Thomas Partey’s 92nd-minute winner at Deportivo la Coruna at the weekend was more than just the three points for Atletico Madrid. It highlighted their continued struggles in 2017-18 and it begs the question whether Diego Simeone has taken the team as far as he can.
That may sound harsh on a manager that has won the La Liga title with the Rojiblancos, taken them to two Champions League finals and made them one of the most-feared club sides on the continent, but there’s simply no escaping the fact that Atleti are nowhere close to where they deserve to be at the moment.
Two draws against Champions League minnows Qarabag more than hinted at an enveloping crisis at the Wanda Metropolitano. It screamed it from the rooftops of Madrid.
The next two games in Atleti’s season now become pivotal. First up, Real Madrid, themselves not up to their own exacting standards, make their debut at their opponents wonderfully futuristic new stadium.
Level on points going into the game, a loss for the hosts could be catastrophic for their chances of a title tilt. If Barcelona were to win at Butarque, it would put Atleti a massive 11 points behind them if Los Blancos were finally able to get their own act together.
Four days later, Roma come to town and Cholo knows that only a win is good enough. With Chelsea expected to beat Qarabag, three points would keep the rojiblancos mathematically alive in the group. Anything less and it will be the Europa League at best and there’s no way the club would’ve budgeted for a group stage exit before the start of 2016/17.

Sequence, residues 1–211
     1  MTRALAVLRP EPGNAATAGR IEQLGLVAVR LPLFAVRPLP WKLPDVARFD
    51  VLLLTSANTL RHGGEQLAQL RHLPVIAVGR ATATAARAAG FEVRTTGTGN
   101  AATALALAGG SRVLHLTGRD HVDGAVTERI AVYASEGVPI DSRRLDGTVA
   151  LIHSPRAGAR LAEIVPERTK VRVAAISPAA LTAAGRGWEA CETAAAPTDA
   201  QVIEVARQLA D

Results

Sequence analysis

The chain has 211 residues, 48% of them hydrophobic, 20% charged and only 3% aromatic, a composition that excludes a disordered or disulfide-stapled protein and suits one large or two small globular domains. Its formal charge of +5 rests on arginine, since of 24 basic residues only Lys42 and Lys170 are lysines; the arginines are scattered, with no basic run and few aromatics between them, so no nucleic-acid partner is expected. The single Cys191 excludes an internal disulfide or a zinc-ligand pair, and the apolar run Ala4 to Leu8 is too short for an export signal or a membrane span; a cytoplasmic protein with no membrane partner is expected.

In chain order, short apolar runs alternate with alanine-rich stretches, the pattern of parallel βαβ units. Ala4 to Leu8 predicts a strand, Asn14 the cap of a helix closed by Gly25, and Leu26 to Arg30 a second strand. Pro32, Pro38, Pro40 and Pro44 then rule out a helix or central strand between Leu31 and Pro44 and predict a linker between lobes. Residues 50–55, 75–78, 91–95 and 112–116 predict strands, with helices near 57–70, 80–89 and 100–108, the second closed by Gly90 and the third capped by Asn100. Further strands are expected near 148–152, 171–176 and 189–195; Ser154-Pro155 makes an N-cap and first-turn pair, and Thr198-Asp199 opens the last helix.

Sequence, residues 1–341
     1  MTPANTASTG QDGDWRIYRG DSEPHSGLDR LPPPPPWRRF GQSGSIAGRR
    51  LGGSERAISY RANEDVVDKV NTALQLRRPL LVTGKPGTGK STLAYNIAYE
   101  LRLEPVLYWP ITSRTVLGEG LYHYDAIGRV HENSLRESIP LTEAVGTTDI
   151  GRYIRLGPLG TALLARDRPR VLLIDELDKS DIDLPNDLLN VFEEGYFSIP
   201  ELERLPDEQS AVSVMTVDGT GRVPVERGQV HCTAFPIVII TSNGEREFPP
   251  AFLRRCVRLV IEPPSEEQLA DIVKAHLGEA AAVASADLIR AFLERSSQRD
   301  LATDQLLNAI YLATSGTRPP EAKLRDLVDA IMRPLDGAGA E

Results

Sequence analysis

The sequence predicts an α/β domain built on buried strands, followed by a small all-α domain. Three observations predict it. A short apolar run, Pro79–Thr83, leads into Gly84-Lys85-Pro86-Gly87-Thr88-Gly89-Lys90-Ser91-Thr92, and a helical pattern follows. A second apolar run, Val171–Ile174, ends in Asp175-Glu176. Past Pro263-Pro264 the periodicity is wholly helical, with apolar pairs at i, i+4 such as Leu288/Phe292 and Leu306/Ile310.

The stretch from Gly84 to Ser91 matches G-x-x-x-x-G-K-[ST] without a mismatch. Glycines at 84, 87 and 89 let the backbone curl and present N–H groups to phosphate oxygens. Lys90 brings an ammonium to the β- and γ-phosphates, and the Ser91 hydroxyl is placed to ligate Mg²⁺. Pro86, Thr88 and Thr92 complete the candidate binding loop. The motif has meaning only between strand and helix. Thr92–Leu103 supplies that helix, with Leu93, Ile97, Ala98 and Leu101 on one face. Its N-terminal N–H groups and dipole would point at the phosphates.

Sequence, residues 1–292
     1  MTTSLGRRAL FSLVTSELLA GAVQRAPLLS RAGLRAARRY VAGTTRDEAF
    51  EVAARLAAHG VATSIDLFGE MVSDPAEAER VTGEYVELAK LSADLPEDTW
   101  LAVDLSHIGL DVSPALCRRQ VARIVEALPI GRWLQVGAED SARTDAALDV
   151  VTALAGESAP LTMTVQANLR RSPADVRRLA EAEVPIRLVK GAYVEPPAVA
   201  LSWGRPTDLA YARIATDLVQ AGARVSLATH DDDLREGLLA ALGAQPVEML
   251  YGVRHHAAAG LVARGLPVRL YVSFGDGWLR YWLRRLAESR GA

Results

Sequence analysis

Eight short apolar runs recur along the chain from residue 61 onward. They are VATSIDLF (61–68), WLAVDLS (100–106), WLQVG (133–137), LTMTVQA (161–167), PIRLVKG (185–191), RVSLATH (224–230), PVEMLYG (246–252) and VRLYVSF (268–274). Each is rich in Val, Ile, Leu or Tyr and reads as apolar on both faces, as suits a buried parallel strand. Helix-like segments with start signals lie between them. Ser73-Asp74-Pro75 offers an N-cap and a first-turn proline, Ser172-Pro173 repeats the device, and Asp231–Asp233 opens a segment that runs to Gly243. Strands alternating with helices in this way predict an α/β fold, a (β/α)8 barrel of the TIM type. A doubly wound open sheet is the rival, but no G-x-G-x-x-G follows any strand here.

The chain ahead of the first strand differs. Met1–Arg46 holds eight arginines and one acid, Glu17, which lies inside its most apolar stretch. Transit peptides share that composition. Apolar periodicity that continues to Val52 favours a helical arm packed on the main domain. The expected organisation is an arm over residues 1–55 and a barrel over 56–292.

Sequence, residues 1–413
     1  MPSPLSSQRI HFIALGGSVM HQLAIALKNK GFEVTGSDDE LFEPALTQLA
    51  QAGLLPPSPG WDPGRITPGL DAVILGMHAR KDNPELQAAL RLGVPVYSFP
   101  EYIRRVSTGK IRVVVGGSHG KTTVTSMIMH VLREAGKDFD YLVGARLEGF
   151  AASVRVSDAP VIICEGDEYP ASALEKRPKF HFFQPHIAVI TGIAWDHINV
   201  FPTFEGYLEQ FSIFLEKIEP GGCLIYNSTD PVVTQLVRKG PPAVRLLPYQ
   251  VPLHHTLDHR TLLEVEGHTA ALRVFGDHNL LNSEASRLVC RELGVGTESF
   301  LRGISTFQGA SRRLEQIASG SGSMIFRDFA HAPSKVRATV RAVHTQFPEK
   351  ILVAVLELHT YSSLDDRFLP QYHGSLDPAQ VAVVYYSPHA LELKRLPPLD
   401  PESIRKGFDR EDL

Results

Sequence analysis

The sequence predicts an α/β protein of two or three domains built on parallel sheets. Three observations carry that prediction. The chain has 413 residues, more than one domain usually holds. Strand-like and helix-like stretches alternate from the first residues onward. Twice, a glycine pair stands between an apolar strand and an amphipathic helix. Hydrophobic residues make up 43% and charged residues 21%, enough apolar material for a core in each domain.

By the end of November, the club could genuinely be looking at the Copa del Rey as their only hope of salvation in the form of silverware.
Injuries clearly have played a part in the stop-start nature of Atleti’s season but, frankly, every team has to deal with losses to key players at various stages of a season.
It won’t take much introspection to see that their big-name, big-game players aren’t performing when required. Antoine Griezmann was even taken off against Depor while the visitors were still hunting for their elusive winner.
Of the front men — Gameiro, Gaitan, Carrasco and Correa — only the latter has emerged with any credit at all this season, but Simeone’s problems extend as far as his backline too. For example, Juanfran has looked completely out of his depth for the most part. Thankfully, Diego Godin continues to be the glue that holds it all together, and with only one loss (to Chelsea with the last kick), a positive spin could still be put on Atleti’s predicament.
Leaving the Vicente Calderon, a real fortress for Cholo and his players, to decant to a ground that many still say feels like a neutral stadium, must have had an effect, but it doesn’t account for the lethargy and lack of desire we’ve seen in some games.
That, more than anything, will hurt Simeone, and is likely to leave him pondering if this season should be his last.
— The writer is an expert on Spanish football expert